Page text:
VC Capital vs. Cash Flow to Fund Business Growth

May 12, 2024

There’s no official word on who coined the term, “The bigger they are, the harder they fall,” but it certainly seems to apply to “unicorn” businesses as of late. These privately owned businesses earn the classification “unicorn” when they breach the $1B valuation mark. But many venture-backed enterprises lost upwards of 50% of their value over the past few years, knocking several of them out of “unicorn” status.

While the losses can be a blow to the egos of billionaires, the market shift has caused ripples that stretch beyond the private bank accounts of the uber-rich. Many unicorns have implemented massive layoffs, attempting to delay capital depletion. Shareholders who feel the company is on the downswing will take their money elsewhere. Depending on their personal ties to the company, venture capital investors are beating a hasty exit, albeit at lower values than they had hoped.

Unless you’re a multi-billionaire, you might be asking yourself what this has to do with your business. The short answer is that reliance on inbound equity capital can get you caught in the ripples of unicorn failures. Don’t count on venture capital investors to provide most of your funding, and it is likely that acquisitions will slow down and that exits will be depreciated for the foreseeable future. It’s time to reconfigure and focus on growth from performance and sales. For many businesses, that means placing new emphasis on cash flow.

Cash Flow 101

Show us a business with poor cash flow, and we’ll show you a business in a lot of trouble. One of the most critical functions of your management team is creating cash flow statements that accurately describe inflows and outflows of liquid capital. Some experts advise having six months to a year of cash flow on hand at all times. Without a cash flow assessment, it’s nearly impossible to determine your liquidity, flexibility, and overall financial performance.

For new businesses, it’s perfectly normal to have negative cash flow, but this condition is ultimately unsustainable. It’s also important not to confuse cash flow with profits, which aren’t the same. A business can have negative cash flow over a certain period and still see profits over the course of a year, or visa versa.

Over too long a period, having negative cash flow will sink a business of any size. It’s one of the most common causes of business failure. Without adequate cash flow, your business can’t cover expenses. A cash flow shortfall means you can’t pay staff, manage debt, or handle emergencies. It also means the business will close its doors permanently if it can’t address the problem.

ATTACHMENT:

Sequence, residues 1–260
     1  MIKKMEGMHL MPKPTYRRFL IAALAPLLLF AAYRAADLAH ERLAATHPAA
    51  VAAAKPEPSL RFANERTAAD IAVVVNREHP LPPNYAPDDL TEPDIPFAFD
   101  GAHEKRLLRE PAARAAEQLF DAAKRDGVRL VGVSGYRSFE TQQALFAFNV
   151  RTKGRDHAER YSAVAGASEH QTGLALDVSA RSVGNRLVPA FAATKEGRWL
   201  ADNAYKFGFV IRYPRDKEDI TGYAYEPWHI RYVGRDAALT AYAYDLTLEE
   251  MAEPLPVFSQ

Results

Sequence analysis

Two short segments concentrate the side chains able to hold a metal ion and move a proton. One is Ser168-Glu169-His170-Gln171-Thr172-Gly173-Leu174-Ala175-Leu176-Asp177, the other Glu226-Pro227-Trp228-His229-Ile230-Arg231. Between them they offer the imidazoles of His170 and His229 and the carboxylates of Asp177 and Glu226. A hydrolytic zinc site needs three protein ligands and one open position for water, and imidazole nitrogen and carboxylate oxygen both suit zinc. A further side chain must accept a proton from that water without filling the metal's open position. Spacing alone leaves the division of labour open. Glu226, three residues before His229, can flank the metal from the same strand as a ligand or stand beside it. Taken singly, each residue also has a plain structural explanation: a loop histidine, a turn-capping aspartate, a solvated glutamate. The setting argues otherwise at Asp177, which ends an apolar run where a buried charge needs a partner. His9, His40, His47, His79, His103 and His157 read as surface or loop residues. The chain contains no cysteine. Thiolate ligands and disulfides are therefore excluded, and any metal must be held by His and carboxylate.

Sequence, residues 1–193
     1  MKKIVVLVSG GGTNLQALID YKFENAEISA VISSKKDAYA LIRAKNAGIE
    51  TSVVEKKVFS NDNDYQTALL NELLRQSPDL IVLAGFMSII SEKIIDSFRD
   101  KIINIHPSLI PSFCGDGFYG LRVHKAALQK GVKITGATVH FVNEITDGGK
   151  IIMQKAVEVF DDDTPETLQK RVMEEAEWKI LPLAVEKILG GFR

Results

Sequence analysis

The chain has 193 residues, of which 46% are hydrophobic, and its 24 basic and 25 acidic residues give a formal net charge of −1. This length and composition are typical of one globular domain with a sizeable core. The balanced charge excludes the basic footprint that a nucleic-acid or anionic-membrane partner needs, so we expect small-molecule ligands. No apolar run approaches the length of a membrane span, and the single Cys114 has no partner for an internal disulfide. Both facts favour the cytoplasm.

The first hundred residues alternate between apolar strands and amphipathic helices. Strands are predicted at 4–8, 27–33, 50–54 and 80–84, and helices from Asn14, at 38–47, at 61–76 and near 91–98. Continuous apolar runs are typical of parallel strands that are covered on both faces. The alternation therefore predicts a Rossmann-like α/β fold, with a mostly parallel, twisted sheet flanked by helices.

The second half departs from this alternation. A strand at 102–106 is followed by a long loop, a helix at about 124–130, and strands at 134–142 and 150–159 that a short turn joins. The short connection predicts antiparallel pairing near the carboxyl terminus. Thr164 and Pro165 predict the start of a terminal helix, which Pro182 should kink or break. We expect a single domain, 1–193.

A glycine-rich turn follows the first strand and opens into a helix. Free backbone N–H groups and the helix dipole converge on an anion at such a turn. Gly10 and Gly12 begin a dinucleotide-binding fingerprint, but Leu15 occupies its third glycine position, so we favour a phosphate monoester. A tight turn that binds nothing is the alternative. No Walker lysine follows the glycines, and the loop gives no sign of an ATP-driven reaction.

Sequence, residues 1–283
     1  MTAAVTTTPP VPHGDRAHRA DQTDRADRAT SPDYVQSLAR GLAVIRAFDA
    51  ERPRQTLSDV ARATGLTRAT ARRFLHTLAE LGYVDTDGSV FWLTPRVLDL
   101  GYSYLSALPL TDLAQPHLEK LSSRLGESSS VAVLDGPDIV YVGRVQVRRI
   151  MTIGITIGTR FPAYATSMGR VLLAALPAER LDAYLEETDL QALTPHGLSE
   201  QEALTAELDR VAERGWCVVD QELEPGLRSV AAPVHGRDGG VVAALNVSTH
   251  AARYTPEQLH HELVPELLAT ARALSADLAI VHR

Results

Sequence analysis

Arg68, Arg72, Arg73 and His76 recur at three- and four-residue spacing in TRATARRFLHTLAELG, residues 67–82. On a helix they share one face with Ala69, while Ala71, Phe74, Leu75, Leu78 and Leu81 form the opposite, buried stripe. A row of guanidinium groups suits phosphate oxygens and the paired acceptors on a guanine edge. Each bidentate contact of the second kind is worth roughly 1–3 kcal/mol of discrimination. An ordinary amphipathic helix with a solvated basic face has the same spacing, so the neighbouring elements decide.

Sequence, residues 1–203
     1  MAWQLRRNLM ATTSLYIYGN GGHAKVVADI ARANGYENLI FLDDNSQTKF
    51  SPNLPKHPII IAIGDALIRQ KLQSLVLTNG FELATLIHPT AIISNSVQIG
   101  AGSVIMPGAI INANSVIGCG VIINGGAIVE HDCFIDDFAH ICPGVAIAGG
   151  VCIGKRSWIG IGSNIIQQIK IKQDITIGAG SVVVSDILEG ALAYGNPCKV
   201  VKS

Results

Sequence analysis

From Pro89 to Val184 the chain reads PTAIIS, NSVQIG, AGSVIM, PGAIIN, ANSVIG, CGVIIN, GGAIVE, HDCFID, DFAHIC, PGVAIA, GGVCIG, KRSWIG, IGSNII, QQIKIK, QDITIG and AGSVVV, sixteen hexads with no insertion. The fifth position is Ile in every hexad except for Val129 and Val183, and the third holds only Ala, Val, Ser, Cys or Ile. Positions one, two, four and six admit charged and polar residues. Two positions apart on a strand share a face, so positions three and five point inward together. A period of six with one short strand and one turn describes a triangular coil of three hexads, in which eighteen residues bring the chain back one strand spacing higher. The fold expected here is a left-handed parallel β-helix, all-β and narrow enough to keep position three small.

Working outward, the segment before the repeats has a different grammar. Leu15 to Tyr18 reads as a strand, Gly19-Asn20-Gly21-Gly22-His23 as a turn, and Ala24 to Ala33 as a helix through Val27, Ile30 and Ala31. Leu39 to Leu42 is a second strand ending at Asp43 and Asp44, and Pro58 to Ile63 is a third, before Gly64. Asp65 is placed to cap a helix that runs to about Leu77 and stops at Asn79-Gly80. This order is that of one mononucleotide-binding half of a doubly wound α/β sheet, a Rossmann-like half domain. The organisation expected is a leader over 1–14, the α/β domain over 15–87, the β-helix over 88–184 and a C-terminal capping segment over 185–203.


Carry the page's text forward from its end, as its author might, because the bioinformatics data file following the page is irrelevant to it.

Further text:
Improving Cash Flow

Now that we’ve addressed the potential consequences of negative cash flow, let’s work on some solutions. Here are a few ways to address the problem:

  • Adjust your receivables: Offer incentives for customers to pay early or change due dates.
  • Evaluate personnel: Invest in retraining rather than rehiring and eliminate redundancies.
  • Reduce outflow: Discover places to cut your expenses, whether that means limiting operating hours, changing suppliers, or downsizing your workspace.
  • Work with a broker to find appropriate cash flow financing options.

Cash Flow Financing

If your business is facing cash flow issues, it’s not alone. That’s why there are so many financing options out there. However, these solutions are not one-size-fits-all, which is why it’s a good idea to meet with a broker to get a custom fit. For example, factoring can be a great way to get ahead on expenses, but it doesn’t work for businesses without accounts receivable. If your cash flow woes have affected your credit score, an asset-based line of credit may work best. Here are a few more ideas:

  • Business Line of Credit: A line of credit lets you borrow what you want when you want, as long as you don’t exceed your credit limit. Credit limits depend on your credit score (unsecured account) or asset value (secured account). Lines with no balance don’t incur interest charges, which makes them great for emergencies.
  • Factoring: Factoring gives you a jump on revenue from invoices, purchase orders, and contracts. Sell these assets to a factor to get immediate cash, then let the factor do the collecting. Factoring fees are typically less than 5%.
  • Private Loans: Private loans allow companies to leverage the value of their long-term assets without liquidation. Because the assets provide lender security, lenders can approve private loans faster and for higher amounts than an average traditional bank loan. Private loans are short-term, making them ideal for companies expecting a windfall.
  • SBA 7a Loans: SBA loans are for companies that have struggled to obtain financing. The SBA 7a loan can provide working capital, or a combination of real estate and working capital, and requires a lower credit score to qualify than most bank loans.

Outside of working capital options, implementing strategies like refinancing, credit repair, restructuring, and diversifying investments can also positively impact cash flow. Don’t forget to explore these options with your broker.

Keeping an eye on your business’s cash flow is imperative, but negative cash flow doesn’t have to mean your business is doomed. Take action before cash flow becomes a problem to improve your chances of survival. With the strategies above, you can focus on sales and performance to drive your growth. And if you’re looking for help in evaluating which financing strategy would work best to stabilize your cash flow, our team is always here for you.